Ministers can be appalling correspondents. Experience has taught me that as a rule of thumb at least 25% of ministers fail to answer their emails. Recently I e-mailed 68 ministers with an invitation to lunch six weeks from them. Three weeks later, having received only 26 replies, I sent out a further email reminding them of my invitation. Most then replied – but 16 never got round to it. Or, to give another example, every other month I email a small group ministers reminding them of a ministers fellowship meeting I host: of the twelve, four will always turn up; two will do their best to turn up, but if not, they will normally send an email of apology; of the other four, one will turn up every other year, while the other three never turn up and never acknowledge my email!
To be fair it is not just ministers. Ordinary church members can be just as bad. I regularly send out emails to my home group leaders, for instance, but for the most part I get no response. True, many of these emails do not necessitate a response: for the most part the emails convey information about material we hope to use or they may give news of people who need our prayers. Yet it would be nice to get an occasional ‘thank you’. Where, I say to myself, has common courtesy gone?
This was the context in which the leaders of the church devised a communications code of practice. Here we stated:
All emails of which you are a main recipient should be acknowledged promptly (as soon as practicable), even if it is to be actioned at a later date.
All emails to which you have been copied in to do not require a response and are for your information only.
This has revolutionised the way in which the ministers and deacons and other church workers respond to emails. For the most part everybody responds promptly – even if it is just to say ‘thank-you’.
Emails are, of course, a modern phenomenon. But I did wonder whether the Scriptures might have something to say about a prompt reply.
My mind went to the Book of Proverbs, which has a lot to say about those who put off to tomorrow, if not the day after tomorrow, the things that need to be done now. Such behaviour is termed laziness: “A farmer who is too lazy to plough his fields at the right time will have nothing to harvest” (20.4); “Never get a lazy man to do something for you; he will be as irritating as vinegar on your teeth or smoke in your eyes” (10.26). The NIV translation of Prov 15.23 is instructive: “A man finds joy in giving an apt reply – and how good is a timely word” – unfortunately this reads very differently in other translations!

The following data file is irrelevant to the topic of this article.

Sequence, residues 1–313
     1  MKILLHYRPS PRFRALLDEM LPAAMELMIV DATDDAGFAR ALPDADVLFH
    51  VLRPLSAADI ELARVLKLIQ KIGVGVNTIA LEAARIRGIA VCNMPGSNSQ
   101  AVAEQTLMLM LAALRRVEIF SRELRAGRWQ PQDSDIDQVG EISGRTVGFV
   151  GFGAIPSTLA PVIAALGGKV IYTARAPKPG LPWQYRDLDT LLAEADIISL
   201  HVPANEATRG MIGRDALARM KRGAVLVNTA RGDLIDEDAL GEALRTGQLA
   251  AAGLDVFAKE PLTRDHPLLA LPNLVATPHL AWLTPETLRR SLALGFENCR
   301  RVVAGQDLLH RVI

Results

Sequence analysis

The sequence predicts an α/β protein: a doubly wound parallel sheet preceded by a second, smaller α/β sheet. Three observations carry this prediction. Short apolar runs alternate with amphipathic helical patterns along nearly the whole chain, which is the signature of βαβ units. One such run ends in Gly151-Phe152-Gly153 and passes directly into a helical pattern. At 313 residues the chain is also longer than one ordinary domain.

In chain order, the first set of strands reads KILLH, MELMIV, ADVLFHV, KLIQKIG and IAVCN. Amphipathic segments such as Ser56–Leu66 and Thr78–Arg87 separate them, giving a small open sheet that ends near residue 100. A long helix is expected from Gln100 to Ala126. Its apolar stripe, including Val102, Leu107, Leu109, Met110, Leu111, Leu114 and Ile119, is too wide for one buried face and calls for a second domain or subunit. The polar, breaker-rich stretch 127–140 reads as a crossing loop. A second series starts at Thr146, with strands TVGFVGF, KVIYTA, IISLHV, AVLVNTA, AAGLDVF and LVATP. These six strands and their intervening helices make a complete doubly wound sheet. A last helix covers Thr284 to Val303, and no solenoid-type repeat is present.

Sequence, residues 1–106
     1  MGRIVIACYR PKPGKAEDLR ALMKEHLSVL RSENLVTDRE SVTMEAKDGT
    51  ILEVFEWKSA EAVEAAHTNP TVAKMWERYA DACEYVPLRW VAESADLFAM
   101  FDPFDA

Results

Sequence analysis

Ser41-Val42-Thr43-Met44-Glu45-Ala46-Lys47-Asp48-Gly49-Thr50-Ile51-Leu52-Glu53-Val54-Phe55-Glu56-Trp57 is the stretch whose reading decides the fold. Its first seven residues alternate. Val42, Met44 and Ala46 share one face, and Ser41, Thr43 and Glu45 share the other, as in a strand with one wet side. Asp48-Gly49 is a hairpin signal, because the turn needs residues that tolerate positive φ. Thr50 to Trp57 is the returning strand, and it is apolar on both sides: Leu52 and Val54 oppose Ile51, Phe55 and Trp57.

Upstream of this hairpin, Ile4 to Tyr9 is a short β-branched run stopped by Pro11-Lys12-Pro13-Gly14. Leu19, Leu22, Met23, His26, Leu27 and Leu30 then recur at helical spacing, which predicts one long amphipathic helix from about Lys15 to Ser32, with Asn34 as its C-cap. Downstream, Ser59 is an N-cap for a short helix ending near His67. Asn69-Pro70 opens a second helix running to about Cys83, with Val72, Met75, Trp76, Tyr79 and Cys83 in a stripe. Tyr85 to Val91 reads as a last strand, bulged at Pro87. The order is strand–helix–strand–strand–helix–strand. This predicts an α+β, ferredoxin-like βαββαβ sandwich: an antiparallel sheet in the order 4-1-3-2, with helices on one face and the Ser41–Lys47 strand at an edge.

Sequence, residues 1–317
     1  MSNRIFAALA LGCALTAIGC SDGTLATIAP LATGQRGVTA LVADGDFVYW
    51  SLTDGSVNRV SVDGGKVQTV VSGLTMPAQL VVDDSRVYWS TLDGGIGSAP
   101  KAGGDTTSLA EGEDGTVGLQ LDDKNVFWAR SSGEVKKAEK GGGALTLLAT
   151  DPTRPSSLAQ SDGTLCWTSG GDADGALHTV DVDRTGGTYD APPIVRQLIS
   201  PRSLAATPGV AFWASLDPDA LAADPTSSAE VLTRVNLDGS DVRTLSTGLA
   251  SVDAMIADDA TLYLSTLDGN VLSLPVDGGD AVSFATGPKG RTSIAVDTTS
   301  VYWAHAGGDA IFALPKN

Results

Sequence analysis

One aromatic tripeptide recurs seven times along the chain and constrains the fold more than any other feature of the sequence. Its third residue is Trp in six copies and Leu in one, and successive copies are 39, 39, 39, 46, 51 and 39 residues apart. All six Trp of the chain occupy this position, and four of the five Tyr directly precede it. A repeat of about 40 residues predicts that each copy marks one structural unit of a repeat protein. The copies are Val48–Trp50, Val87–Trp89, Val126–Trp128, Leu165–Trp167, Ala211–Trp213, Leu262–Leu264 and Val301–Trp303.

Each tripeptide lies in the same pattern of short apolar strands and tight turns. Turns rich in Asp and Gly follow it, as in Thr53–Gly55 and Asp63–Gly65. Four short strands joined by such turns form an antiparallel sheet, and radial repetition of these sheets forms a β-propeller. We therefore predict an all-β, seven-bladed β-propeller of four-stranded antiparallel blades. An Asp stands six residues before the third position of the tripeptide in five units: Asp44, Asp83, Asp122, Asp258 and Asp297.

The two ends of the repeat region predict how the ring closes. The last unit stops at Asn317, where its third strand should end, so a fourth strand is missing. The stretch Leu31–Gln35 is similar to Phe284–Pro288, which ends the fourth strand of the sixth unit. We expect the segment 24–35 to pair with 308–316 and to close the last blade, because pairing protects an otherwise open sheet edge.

I also thought of the Apostle Paul, who was attacked by a group within the church at Corinth who questioned his integrity – ‘You are a “yes” and “no” man who cannot be trusted’. Paul replied: “We are proud that our conscience assures us that our lives in this world, and especially our relations with you, have been ruled by God-given frankness and sincerity (2 Cor 1.12). The overall thrust that Christian ministers need to be trustworthy has perhaps some relevance.
Or what about the words of David found at the end of 2 Samuel: “I will not offer to the Lord my God sacrifices that have cost me nothing” (2 Sam 24.24)? True this is perhaps more eisgesis (‘a reading in’) rather than exegesis (‘a reading out’), but nonetheless the challenge which I derive from this passage is that God deserves the very best. And part of that very best is answering emails promptly! Certainly this accords well with the words of Jesus to one of his would-be followers: “No procrastination…. You can’t put God’s kingdom off till tomorrow. Seize the day” (Luke 9.62) – true, this translation found in The Message is a paraphrase, but Eugene Peterson does hit the nail on the head!
What do you think?